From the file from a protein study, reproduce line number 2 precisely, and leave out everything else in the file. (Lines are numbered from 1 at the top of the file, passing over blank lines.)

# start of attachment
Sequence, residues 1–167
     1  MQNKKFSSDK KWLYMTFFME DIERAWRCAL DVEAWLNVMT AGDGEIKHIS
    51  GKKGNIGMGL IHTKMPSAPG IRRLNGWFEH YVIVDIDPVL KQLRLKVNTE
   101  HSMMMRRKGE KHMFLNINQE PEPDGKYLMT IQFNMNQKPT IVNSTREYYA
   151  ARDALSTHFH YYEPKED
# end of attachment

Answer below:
     1  MQNKKFSSDK KWLYMTFFME DIERAWRCAL DVEAWLNVMT AGDGEIKHIS